KUKL chair’s conduct prompts govt to take regressive stepThe unprofessional conduct of the chairman of Kathmandu’s largest drinking water supplying company has prompted the government to consider taking a regressive step, which could undermine the private sector’s role in the public-private firm.
Rupak D. Sharma
The unprofessional conduct of the chairman of Kathmandu’s largest drinking water supplying company has prompted the government to consider taking a regressive step, which could undermine the private sector’s role in the public-private firm.
If the government is allowed to make such a move, the board of the Kathmandu Valley’s sole drinking water supplying company—Kathmandu Upatyaka Khanepani Limited (KUKL)—may be dominated by officials of central and local bodies, who are generally deemed as less effective and efficient than representatives of the private sector.
Such retaliation—in response to mistakes made by one person of the private sector—may erode gains made in transforming the company, which will soon have to handle 170 million litres of water being brought into the Valley per day from the Melamchi River in Sidhupalchowk, said Rajesh Kazi Shrestha, president of the Nepal Chamber of Commerce (NCC), a private sector umbrella body, which has 9 percent stake in KUKL.
The government is mulling over taking the controversial step after Suresh Kumar Basnet, chairman of KUKL, started showing high-handed attitude.
Basnet, who represents the NCC in KUKL, has been charged of using political influence to compel board members to take decisions to suit his needs; intervening in the general manager selection process; delaying decision-making process; and resorting to nepotism.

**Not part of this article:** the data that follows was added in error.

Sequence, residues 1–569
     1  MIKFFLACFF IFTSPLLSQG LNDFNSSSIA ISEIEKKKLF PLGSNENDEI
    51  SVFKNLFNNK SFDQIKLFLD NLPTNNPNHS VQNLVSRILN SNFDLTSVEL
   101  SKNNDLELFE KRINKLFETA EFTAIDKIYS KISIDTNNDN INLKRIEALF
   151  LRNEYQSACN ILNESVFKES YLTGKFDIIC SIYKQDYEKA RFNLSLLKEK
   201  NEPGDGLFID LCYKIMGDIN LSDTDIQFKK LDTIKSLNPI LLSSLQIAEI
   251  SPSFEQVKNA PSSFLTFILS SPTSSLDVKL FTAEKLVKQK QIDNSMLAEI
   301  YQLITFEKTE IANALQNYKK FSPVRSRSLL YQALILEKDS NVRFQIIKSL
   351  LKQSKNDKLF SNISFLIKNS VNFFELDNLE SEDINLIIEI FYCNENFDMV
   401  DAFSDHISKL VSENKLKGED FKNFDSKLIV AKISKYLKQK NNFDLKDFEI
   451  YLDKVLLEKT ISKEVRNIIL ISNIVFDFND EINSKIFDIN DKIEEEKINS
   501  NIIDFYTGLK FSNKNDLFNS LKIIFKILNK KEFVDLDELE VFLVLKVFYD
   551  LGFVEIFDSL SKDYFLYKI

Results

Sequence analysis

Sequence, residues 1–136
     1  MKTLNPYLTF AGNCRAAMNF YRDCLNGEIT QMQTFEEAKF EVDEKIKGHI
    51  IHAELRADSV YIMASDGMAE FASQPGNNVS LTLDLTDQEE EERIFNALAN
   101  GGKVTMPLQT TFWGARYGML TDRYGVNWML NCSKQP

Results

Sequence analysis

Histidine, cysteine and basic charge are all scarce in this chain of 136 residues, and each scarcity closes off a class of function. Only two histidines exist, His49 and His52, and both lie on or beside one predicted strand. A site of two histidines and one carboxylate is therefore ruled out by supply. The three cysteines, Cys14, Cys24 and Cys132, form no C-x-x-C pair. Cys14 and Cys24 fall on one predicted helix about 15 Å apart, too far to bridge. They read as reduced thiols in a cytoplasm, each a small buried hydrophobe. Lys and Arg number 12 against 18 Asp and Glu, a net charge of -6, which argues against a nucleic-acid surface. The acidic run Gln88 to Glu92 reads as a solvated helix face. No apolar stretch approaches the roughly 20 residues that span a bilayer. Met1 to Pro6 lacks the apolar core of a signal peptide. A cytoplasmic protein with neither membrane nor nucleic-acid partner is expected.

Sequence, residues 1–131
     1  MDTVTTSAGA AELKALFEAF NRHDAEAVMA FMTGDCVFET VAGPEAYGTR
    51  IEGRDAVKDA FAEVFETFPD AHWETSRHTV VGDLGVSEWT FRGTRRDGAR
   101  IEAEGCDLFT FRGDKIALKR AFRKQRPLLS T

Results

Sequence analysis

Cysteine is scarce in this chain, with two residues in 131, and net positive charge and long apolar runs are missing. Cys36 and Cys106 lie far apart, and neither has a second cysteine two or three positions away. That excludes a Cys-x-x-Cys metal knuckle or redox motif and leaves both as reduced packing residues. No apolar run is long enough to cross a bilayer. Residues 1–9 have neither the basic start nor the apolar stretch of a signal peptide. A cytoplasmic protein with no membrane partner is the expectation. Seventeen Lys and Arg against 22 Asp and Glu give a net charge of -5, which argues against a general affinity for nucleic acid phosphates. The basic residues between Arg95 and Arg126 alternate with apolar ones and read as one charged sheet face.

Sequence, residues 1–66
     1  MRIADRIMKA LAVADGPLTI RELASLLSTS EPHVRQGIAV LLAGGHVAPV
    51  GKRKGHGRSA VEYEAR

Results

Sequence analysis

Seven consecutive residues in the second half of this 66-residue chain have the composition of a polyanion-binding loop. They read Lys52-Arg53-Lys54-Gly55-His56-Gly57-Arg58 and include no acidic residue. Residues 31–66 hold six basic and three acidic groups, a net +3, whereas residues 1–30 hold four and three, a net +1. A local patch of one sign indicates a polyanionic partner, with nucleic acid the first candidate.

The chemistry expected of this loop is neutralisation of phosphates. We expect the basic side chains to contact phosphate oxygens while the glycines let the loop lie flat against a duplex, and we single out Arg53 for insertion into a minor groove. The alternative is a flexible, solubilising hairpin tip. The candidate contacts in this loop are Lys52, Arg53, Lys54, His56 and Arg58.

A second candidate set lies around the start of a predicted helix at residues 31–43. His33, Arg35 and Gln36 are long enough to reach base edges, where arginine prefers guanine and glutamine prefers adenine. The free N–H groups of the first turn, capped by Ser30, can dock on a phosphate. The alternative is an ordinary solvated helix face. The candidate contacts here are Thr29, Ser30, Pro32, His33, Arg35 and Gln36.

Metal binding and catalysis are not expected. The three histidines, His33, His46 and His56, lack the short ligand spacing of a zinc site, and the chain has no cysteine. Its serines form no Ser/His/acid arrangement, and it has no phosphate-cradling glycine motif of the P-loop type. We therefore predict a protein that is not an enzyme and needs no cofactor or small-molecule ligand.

Tired of his unprofessional conduct, a majority of KUKL board members had approved a no-confidence motion filed against him in May 2015, relieving him from his duty. But Basnet moved the then Patan Appeals Court, where he lost the case.
He then took the case to the Supreme Court, which ordered KUKL to let Basnet work as a chairman until a final verdict is issued.
Since then the hearing on his case has been postponed for around 18 times. Many are now waiting for the hearing to resume, so the fate of KUKL could be determined.
But to tame people like Basnet, the Ministry of Water Supply and Sanitation, the parent body of KUKL, is planning to penalise the entire private sector. In this regard, the ministry has proposed that chairman of the drinking water supplying company be “nominated” from among representatives of entities having biggest stakes in the company.
This implies the board of directors of KUKL should always be led by representatives of either the Ministry of Water Supply and Sanitation or the Office of the Kathmandu Metropolitan City, which are the two largest shareholders in the water supplying company.
The recommendation has been made at a time when KUKL has initiated the process of amending its charter.
Ministry Joint Secretary Rajan Raj Pandey, who framed the charter amendment proposal-a copy of which has been obtained by the Post-did not want to comment.
Although the charter amendment proposal also incorporates the option of electing the chair from among the board members, inclusion of the provision on nomination of chairman from among representatives of largest shareholders may provide leeway to powerful stakeholders to call the shots, putting the private sector in the shadow.
To further undermine the role of the private sector, the charter amendment proposal says chiefs of private sector umbrella bodies that have shares in KUKL may serve as a board member for a single term on a rotation basis. Currently, the Federation of Chambers of Commerce and Industry, the Bhaktapur Chamber of Commerce and Industry, the Lalitpur Chamber of Commerce and Industry, and the Nepal Chamber of Commerce have stakes in KUKL.
“If the government’s real intention was to keep the company under its grip, what was the rationale behind converting the company into a public private partnership (PPP) entity in February 2008?” NCC President Shrestha questioned. “The government should realise that one of the purposes of PPP is to promote the private sector. But such an undemocratic move will erode the private sector’s confidence in the entire philosophy of PPP trumpeted by the government.”